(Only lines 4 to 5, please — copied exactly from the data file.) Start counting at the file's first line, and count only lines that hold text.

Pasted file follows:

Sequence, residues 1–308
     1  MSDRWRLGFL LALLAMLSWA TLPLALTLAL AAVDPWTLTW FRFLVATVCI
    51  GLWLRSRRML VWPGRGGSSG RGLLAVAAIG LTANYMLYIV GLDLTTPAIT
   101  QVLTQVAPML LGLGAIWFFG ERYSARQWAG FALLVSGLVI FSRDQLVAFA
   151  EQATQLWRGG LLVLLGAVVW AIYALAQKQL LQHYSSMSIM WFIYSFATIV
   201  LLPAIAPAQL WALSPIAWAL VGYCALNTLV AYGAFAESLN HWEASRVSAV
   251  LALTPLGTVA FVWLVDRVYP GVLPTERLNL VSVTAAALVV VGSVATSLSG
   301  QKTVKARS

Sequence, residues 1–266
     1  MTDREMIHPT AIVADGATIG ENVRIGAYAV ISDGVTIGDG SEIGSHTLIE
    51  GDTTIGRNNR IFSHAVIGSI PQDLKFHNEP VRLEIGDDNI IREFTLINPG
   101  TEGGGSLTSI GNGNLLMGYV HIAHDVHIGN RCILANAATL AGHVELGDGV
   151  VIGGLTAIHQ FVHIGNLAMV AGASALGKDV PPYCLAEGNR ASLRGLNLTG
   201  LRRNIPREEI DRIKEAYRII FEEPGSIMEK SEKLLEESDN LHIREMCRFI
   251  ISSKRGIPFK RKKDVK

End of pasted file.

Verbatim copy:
   101  QVLTQVAPML LGLGAIWFFG ERYSARQWAG FALLVSGLVI FSRDQLVAFA
   151  EQATQLWRGG LLVLLGAVVW AIYALAQKQL LQHYSSMSIM WFIYSFATIV